Industry-specific knowledge and your relationships with clients are often some of the most valuable assets for your business.
So what happens to your business’s confidential information, trade secrets and clients when your relationship with an employee, contractor or third party ends?
A Non-Compete Agreement is a contract that is used to protect a business from competition with individuals or companies who have had access to that business’s confidential information which could give them a competitive edge in the market.
What Is A Non-Compete Agreement?
A Non-Compete Agreement is usually formed between a business and another party who has received that business’s confidential information.
That third party can be anyone who the business previously had a contractual relationship with — including employees, contractors, business partners, franchisees and manufacturers.
Confidential information covers information that could be used to compete with the business — including intellectual property generally, insider knowledge of the relevant market, trade secrets, client lists, and business practices and strategies.
What Is Covered In The Agreement?
A Non-Compete Agreement will usually include clauses relating to one or more of the following:
- Geographical restrictions: this limits the geographical region in which the restricted party can conduct business in a particular industry or field of work.
- Time restrictions: this provides a time limitation on how long the non-compete clause operates, so that the restricted party cannot conduct business in a particular industry or field of work for a set period of time.
- Activity or services restrictions: this limits the type of business activities the restricted party can take part in.
- Non-solicitation clause: this protects your business relationships with your clients, as it stops the restricted party from contacting your clients and diverting work from your business to theirs. Non-solicitation clauses can also apply to employees, stopping the restricted party from poaching your current employees.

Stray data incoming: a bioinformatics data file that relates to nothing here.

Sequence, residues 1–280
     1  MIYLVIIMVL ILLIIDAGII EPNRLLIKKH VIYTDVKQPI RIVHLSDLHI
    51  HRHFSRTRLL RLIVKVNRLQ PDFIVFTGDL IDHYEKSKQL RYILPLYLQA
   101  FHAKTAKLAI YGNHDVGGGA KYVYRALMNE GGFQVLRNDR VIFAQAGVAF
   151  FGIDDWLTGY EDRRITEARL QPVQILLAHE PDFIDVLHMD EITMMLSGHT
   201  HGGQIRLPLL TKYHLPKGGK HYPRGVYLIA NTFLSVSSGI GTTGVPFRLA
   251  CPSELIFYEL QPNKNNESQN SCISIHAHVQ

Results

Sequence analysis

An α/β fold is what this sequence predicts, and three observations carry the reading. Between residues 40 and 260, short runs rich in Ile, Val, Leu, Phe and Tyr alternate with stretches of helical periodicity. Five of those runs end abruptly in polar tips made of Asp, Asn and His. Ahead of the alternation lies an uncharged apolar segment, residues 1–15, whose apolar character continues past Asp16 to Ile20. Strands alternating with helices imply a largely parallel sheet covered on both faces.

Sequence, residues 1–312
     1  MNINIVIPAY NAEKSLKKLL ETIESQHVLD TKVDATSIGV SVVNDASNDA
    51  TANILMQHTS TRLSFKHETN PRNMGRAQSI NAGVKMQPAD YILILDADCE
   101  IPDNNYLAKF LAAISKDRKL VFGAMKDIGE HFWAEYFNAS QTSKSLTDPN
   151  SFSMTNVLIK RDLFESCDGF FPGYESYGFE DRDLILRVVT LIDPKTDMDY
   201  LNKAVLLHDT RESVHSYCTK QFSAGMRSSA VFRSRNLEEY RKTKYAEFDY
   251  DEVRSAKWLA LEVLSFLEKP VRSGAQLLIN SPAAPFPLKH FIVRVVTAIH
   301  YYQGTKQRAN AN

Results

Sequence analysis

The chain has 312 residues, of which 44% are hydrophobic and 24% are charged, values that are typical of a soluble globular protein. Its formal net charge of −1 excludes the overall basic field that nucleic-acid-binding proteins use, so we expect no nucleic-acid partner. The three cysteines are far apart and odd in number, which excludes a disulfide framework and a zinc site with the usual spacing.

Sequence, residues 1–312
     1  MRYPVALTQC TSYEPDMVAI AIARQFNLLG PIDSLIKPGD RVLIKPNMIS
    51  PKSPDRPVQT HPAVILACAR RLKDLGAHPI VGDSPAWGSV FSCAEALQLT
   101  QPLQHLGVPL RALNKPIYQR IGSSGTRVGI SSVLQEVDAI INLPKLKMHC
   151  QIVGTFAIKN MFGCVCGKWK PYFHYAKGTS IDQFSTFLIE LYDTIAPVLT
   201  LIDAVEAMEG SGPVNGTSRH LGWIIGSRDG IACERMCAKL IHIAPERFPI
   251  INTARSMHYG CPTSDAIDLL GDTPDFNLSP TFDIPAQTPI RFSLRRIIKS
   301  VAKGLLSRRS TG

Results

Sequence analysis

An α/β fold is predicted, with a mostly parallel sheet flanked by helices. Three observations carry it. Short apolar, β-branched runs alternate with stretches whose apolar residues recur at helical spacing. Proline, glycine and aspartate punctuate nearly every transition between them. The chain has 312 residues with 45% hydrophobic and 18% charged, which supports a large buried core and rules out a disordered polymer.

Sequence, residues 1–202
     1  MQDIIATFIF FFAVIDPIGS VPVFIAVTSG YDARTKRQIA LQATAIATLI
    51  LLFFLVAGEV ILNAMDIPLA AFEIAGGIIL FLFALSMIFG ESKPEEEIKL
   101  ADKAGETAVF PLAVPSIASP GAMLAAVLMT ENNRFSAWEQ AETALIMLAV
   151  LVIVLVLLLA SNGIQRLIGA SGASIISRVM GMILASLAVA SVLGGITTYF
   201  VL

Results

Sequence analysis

Clauses of this nature are often inserted into a contract that covers a broader scope of topics as opposed to a stand-alone Non-Compete Agreement, such as an Employment Agreement or Contractor Agreement.
Are There Any Issues With Enforceability Of Non-Compete Agreements?
As Non-Compete Agreements and non-compete clauses may limit a party’s ability to take on employment opportunities and generate income, issues often arise when trying to enforce agreements of this sort.
If a dispute about a Non-Compete Agreement goes to court, the court will consider if the Non-Compete Agreement is reasonable in protecting the business’ legitimate business interests.
For example, if the geographical reach of the non-compete clause is too broad, or the time period that the non-compete clause operates is too long, or the activities or services that is covered in the non-compete clause is too general, the clause may not be enforceable and therefore considered void.
A court can strike out part of a clause or agreement that it considers unreasonable, and retain the remainder of the clause that it considers reasonable.
For this reason, the restraint period in a non-compete clause is often “cascading”, which means that it will provide several alternative periods in the same clause. A cascading clause would read something like, “the restraint period is 12 months, or if that duration is held to be invalid or unenforceable, 6 months”.
Non-Compete Agreements and non-compete clauses may be an important mechanism to protect your business from competition using your valuable confidential business information. However, they can be complex and there are several factors when considering if the non-compete clause is reasonable.
We’d recommend obtaining legal advice on Non-Compete Agreements and non-compete clauses to ensure that they are enforceable and can achieve the desired restriction to protect your confidential business information.
If you need help getting a Non-Compete Agreement in place, we’re here to help!
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